Carter, Dukakis and you: Back in the day, minstrels had to memorize Homer. They'd never heard of books!
Memorization plays a key role in modern punditry too. Just last week, we looked in on Jim Lehrer as he recited some memorized tales.
All leading pundits know these tales, although they often aren’t true.
We also checked out the National Journal’s Jill Lawrence as she sang famous old tales. We were linked to Lawrence’s songs by this Ezra Klein post.
Lawrence was musing on Martin O’Malley’s chance to win the White House. Right out of the gate, she sang one of those memorized tales:
LAWRENCE: Maryland Gov. Martin O'Malley made news at the National Governors Association conference last weekend by acknowledging the obvious – that he is laying the foundation for a possible presidential campaign. What really struck me, though, was his assertion that the nation is enduring "a crisis of confidence" that will last through the 2014 midterms.Nice one! Lawrence went on (and on) from there, but surely you know how this ended.
The phrase called to mind Jimmy Carter's famous "malaise" speech of 1979, in which he lamented that the country had not come together to solve its problems.
Carter never actually used the word "malaise"–but he did use the phrase "crisis of confidence." In fact, it was the title of the speech.
Jimmy Carter's depressing speech is a famous memorized tale. Just as ancient bards knew how to recite the wrath of Zeus, all good members of Lawrence’s guild have memorized this tale.
And they’ve got a million others! Soon, Lawrence moved from Carter to Dukakis. Again, she started to sing:
LAWRENCE: Let's just get the bad news out of the way all at once. O'Malley's summer reading list, according to TIME, includes Richard Haass' Foreign Policy Begins at Home: The Case for Putting America's House in Order; The Gardens of Democracy: A New American Story of Citizenship, the Economy, and the Role of Government, by Eric Liu and Nick Hanauer; and Parker Palmer's Healing the Heart of Democracy: The Courage to Create a Politics Worthy of the Human Spirit. Suffice it to say that Swedish Land-Use Planning seems positively frivolous in comparison. That was the book that 1988 nominee Michael Dukakis read at the beach, sealing his image as a colorless nerd. Another Democrat that Democrats generally try not to emulate.An even more impressive performance! This is a lesser memorized tale concerning Dukakis’ colorless failures.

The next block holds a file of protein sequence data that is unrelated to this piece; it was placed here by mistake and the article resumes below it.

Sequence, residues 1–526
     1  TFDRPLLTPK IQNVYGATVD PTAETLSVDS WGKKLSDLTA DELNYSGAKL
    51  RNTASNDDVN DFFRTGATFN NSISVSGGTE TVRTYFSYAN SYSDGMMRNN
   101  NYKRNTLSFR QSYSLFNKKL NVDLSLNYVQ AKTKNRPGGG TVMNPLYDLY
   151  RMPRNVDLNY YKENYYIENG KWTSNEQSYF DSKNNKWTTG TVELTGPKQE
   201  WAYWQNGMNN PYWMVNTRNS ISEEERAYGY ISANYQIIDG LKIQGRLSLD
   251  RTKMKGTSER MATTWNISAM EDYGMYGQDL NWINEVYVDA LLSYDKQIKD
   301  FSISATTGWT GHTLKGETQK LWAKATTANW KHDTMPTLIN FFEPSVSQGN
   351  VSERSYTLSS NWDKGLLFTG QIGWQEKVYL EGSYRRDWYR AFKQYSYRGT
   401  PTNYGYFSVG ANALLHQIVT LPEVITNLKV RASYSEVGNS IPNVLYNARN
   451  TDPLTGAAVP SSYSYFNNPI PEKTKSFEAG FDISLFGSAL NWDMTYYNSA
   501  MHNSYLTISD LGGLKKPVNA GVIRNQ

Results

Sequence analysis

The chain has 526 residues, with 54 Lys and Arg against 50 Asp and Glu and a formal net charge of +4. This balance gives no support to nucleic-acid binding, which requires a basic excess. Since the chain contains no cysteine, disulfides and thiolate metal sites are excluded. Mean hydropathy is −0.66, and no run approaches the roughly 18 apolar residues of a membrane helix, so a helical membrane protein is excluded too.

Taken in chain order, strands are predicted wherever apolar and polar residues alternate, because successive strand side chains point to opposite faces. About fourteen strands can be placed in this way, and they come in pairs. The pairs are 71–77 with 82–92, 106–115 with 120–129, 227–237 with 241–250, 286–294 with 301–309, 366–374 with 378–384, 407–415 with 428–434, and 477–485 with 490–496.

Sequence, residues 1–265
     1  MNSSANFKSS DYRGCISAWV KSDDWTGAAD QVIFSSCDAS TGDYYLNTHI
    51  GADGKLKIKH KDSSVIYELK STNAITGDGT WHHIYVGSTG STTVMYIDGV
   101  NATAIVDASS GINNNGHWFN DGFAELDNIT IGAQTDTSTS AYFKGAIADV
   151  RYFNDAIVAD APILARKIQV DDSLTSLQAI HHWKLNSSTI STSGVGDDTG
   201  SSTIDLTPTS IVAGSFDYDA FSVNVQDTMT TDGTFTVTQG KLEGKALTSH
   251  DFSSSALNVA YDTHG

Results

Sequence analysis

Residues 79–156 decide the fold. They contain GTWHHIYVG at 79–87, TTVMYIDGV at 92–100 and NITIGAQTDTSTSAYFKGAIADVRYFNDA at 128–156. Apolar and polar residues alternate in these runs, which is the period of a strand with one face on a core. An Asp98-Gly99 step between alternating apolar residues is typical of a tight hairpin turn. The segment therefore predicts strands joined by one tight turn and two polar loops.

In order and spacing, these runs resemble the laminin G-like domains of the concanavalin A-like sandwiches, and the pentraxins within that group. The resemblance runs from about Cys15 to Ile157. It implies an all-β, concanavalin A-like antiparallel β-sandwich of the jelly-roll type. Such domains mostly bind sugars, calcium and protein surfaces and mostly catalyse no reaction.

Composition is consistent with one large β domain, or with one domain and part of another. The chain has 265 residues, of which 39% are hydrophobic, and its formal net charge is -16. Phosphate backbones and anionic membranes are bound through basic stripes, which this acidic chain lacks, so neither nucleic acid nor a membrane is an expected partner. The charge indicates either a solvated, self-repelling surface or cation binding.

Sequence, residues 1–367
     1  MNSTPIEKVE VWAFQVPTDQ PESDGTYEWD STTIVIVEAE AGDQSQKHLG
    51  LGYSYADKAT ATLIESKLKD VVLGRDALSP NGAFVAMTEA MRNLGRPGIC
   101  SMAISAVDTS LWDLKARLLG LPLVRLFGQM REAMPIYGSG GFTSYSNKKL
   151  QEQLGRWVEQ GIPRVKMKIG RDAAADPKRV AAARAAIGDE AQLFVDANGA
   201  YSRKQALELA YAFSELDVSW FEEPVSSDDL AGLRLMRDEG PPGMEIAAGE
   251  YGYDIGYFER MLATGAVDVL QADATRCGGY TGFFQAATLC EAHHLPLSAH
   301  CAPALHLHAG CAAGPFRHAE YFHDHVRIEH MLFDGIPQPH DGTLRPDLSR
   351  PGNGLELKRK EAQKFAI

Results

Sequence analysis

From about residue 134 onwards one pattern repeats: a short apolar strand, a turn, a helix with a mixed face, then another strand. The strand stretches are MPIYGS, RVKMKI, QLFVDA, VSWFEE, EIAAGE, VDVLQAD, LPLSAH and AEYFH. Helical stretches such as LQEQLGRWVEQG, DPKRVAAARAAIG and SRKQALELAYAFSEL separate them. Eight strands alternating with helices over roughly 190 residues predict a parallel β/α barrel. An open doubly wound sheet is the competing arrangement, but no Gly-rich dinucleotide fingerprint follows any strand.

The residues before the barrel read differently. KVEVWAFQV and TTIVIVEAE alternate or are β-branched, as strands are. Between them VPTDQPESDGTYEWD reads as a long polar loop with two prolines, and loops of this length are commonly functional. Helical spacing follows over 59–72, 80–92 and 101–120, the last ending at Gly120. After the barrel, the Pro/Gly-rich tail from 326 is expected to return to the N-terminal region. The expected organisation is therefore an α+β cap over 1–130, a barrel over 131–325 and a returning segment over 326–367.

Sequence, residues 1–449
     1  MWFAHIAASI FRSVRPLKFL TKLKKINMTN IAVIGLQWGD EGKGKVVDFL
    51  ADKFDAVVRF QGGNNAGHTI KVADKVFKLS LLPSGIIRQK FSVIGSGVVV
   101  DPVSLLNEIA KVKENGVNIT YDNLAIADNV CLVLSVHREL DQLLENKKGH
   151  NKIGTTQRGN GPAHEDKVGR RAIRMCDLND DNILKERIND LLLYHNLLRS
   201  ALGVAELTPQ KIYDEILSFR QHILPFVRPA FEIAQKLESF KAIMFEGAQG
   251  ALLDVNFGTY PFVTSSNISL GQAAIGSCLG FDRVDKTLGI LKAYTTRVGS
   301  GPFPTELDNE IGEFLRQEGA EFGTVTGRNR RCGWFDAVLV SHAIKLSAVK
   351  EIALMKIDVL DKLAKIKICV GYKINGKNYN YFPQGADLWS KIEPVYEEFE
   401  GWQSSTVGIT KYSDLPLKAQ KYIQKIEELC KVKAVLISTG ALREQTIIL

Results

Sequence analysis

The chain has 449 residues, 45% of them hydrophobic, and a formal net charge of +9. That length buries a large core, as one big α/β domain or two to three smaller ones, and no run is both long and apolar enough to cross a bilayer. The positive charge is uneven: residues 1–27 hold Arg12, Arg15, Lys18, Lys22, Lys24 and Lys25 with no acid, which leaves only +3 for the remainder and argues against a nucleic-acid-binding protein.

Not for Lawrence the pitiful twaddle of Lehrer, concerning the way Dukakis should have punched Bernie Shaw right in the nose!
It’s very hard for people to see it, but these savants are barely sane. An astounding amount of their punditry consists in the application of memorized tales, just as the wandering minstrels of yore used to perform their Homer.
Muskie wept! Bush glanced at his watch! Nixon won the debate on the radio! Most of these memorized tales are bogus, misleading or just plain false. But guild members know them all by heart. And they love to sing.
We chuckled to see Lawrence playing this game. We recalled a special performance.
In March 1999, the guild assembled one of its most consequential tales: Al Gore said he invented the Internet! In fairness, Gore hadn’t really said that—and he hadn’t said the word “invented” at all.
But “invented” made Gore sound like a real clown. And it was easy to memorize!
Within days, everyone had the paraphrase down. Lawrence would go the extra mile. That fall, she co-wrote a piece in USA Today where she and Susan Page sang the story thusly:
PAGE AND LAWRENCE (10/28/99): The evening gave Gore the opportunity to reintroduce himself as a less formal, more engaging figure, telling jokes and teasing questioners. He used the occasion to plead guilty to having exaggerated his role in "inventing" the Internet.As Page and Lawrence sang the tale, “invented” slipped inside quotes. Just as if Gore had once said it!
These people memorize many tales. Sometimes, despite their rigorous training, they slip up in their recitations, trying to drive home a point.
Unhelpful gaffe by Hall: Mimi Hall beat Page and Lawrence to the “invented” trick. In May 1999, she became the first reporter at USA Today to slip “invented” inside quotes, just as if Gore had said it.
Gore hadn’t said the word “invented!” Unless you were reading Hall, seven weeks later:
HALL (6/2/99): A USA Today/CNN/Gallup Poll last week found Gore trailing both Republican front-runner George W. Bush and Elizabeth Dole, another likely GOP candidate.In fairness, Hall was right! That gaffe surely didn’t help Gore, especially the way she told it.
A series of negative news stories unnerved Gore's campaign staff, aides say...A couple of Gore gaffes, including his assertion that he "invented" the Internet, didn't help.
Our best advice to Brother O'Malley? Say as little as possible!